New in version 2.1.
Warning messages are typically issued in situations where it is useful to alert the user of some condition in a program, where that condition (normally) doesn’t warrant raising an exception and terminating the program. For example, one might want to issue a warning when a program uses an obsolete module.
Warning messages are normally written to sys.stderr, but their disposition can be changed flexibly, from ignoring all warnings to turning them into exceptions. The disposition of warnings can vary based on the warning category (see below), the text of the warning message, and the source location where it is issued. Repetitions of a particular warning for the same source location are typically suppressed.
There are two stages in warning control: first, each time a warning is issued, a determination is made whether a message should be issued or not; next, if a message is to be issued, it is formatted and printed using a user-settable hook.
The determination whether to issue a warning message is controlled by the warning filter, which is a sequence of matching rules and actions. Rules can be added to the filter by calling filterwarnings() and reset to its default state by calling resetwarnings().
The printing of warning messages is done by calling showwarning(), which may be overridden; the default implementation of this function formats the message by calling formatwarning(), which is also available for use by custom implementations.
There are a number of built-in exceptions that represent warning categories. This categorization is useful to be able to filter out groups of warnings. The following warnings category classes are currently defined:
|Warning||This is the base class of all warning category classes. It is a subclass of Exception.|
|UserWarning||The default category for warn().|
|DeprecationWarning||Base category for warnings about deprecated features.|
|SyntaxWarning||Base category for warnings about dubious syntactic features.|
|RuntimeWarning||Base category for warnings about dubious runtime features.|
|FutureWarning||Base category for warnings about constructs that will change semantically in the future.|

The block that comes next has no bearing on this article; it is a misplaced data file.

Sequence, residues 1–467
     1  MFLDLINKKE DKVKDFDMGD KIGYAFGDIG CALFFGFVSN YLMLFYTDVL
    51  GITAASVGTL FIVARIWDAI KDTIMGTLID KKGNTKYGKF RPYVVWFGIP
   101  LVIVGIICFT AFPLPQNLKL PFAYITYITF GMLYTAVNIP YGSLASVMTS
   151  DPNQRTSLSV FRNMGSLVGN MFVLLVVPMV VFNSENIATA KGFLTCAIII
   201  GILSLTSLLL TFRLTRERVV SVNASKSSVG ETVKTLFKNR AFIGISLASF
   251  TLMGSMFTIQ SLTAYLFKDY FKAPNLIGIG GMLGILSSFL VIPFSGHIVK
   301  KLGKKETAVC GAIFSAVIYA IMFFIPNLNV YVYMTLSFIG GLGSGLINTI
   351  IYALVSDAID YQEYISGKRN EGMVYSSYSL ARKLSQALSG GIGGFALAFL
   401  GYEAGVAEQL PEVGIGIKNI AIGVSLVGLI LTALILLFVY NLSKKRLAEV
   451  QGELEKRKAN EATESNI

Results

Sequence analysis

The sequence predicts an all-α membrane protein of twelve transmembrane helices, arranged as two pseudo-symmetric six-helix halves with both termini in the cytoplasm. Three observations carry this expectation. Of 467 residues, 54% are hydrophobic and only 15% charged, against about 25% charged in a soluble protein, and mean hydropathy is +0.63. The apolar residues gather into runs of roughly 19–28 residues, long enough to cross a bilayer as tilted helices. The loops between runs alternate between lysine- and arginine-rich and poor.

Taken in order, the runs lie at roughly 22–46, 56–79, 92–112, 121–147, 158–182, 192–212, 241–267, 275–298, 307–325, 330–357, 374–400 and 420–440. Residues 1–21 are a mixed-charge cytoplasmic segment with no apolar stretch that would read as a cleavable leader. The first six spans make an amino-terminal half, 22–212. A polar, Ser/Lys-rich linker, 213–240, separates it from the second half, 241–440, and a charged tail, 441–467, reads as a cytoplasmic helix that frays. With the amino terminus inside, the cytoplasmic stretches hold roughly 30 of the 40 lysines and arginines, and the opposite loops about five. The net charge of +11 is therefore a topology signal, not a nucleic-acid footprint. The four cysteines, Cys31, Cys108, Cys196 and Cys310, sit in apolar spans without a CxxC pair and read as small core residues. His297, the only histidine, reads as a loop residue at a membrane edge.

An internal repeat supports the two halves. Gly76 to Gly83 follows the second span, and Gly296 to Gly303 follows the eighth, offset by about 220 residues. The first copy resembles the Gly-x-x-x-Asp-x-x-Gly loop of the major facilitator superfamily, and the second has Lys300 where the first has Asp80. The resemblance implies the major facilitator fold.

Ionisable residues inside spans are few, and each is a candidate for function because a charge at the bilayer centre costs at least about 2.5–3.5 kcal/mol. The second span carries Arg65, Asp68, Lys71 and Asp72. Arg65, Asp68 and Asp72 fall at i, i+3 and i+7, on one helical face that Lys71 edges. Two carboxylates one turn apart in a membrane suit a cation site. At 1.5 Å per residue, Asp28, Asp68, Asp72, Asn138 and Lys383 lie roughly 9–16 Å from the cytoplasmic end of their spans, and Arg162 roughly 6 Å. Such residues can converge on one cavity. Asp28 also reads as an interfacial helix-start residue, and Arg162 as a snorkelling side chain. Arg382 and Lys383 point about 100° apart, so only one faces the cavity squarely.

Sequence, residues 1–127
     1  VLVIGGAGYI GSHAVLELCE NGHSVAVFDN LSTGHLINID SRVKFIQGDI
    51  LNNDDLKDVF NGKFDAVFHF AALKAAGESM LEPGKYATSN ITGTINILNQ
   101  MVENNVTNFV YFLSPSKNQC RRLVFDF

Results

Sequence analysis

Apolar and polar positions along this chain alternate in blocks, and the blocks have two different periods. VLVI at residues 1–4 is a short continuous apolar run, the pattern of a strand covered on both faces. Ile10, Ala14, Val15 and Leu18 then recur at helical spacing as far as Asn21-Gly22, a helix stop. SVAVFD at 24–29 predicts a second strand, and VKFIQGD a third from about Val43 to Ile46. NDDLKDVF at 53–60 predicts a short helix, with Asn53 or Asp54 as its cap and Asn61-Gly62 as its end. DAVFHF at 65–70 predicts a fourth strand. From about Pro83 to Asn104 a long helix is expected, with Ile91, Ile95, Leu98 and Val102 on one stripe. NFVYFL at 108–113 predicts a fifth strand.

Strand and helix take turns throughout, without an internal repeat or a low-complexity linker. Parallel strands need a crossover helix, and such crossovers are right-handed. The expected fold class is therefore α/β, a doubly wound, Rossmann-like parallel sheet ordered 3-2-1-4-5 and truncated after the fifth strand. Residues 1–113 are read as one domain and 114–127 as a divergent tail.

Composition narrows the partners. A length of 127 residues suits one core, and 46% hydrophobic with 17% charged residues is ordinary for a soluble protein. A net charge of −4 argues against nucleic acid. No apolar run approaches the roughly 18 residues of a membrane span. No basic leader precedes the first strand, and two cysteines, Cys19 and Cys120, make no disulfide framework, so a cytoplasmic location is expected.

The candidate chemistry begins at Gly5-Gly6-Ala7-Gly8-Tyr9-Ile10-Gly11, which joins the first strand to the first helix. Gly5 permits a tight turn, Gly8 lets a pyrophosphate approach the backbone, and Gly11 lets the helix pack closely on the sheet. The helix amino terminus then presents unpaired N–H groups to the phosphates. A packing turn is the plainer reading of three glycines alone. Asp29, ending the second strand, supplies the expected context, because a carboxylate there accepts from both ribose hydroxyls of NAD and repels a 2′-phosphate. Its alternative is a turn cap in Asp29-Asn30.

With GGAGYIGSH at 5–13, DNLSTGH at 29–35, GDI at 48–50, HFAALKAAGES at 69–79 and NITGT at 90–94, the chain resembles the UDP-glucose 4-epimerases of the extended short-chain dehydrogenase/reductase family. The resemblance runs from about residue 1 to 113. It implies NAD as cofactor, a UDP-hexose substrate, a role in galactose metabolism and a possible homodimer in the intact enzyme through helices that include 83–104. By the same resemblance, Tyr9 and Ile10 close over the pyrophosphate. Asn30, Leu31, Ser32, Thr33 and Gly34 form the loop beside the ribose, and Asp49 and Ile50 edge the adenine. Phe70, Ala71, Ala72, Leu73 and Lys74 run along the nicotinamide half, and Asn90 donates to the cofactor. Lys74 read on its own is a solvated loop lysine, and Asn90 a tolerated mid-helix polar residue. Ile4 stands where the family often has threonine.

|PendingDeprecationWarning||Base category for warnings about features that will be deprecated in the future (ignored by default).|
|ImportWarning||Base category for warnings triggered during the process of importing a module (ignored by default).|
|UnicodeWarning||Base category for warnings related to Unicode.|
While these are technically built-in exceptions, they are documented here, because conceptually they belong to the warnings mechanism.
User code can define additional warning categories by subclassing one of the standard warning categories. A warning category must always be a subclass of the Warning class.
The warnings filter controls whether warnings are ignored, displayed, or turned into errors (raising an exception).
Conceptually, the warnings filter maintains an ordered list of filter specifications; any specific warning is matched against each filter specification in the list in turn until a match is found; the match determines the disposition of the match. Each entry is a tuple of the form (action, message, category, module, lineno), where:
action is one of the following strings:
turn matching warnings into exceptions
never print matching warnings
always print matching warnings
print the first occurrence of matching warnings for each location where the warning is issued
print the first occurrence of matching warnings for each module where the warning is issued
print only the first occurrence of matching warnings, regardless of location
message is a string containing a regular expression that the warning message must match (the match is compiled to always be case-insensitive)
category is a class (a subclass of Warning) of which the warning category must be a subclass in order to match
module is a string containing a regular expression that the module name must match (the match is compiled to be case-sensitive)
lineno is an integer that the line number where the warning occurred must match, or 0 to match all line numbers
The warnings filter is initialized by -W options passed to the Python interpreter command line. The interpreter saves the arguments for all -W options without interpretation in sys.warnoptions; the warnings module parses these when it is first imported (invalid options are ignored, after printing a message to sys.stderr).
The warnings that are ignored by default may be enabled by passing -Wd to the interpreter. This enables default handling for all warnings, including those that are normally ignored by default. This is particular useful for enabling ImportWarning when debugging problems importing a developed package. ImportWarning can also be enabled explicitly in Python code using:
If you are using code that you know will raise a warning, such as a deprecated function, but do not want to see the warning, then it is possible to suppress the warning using the catch_warnings context manager:
import warnings def fxn(): warnings.warn("deprecated", DeprecationWarning) with warnings.catch_warnings(): warnings.simplefilter("ignore") fxn()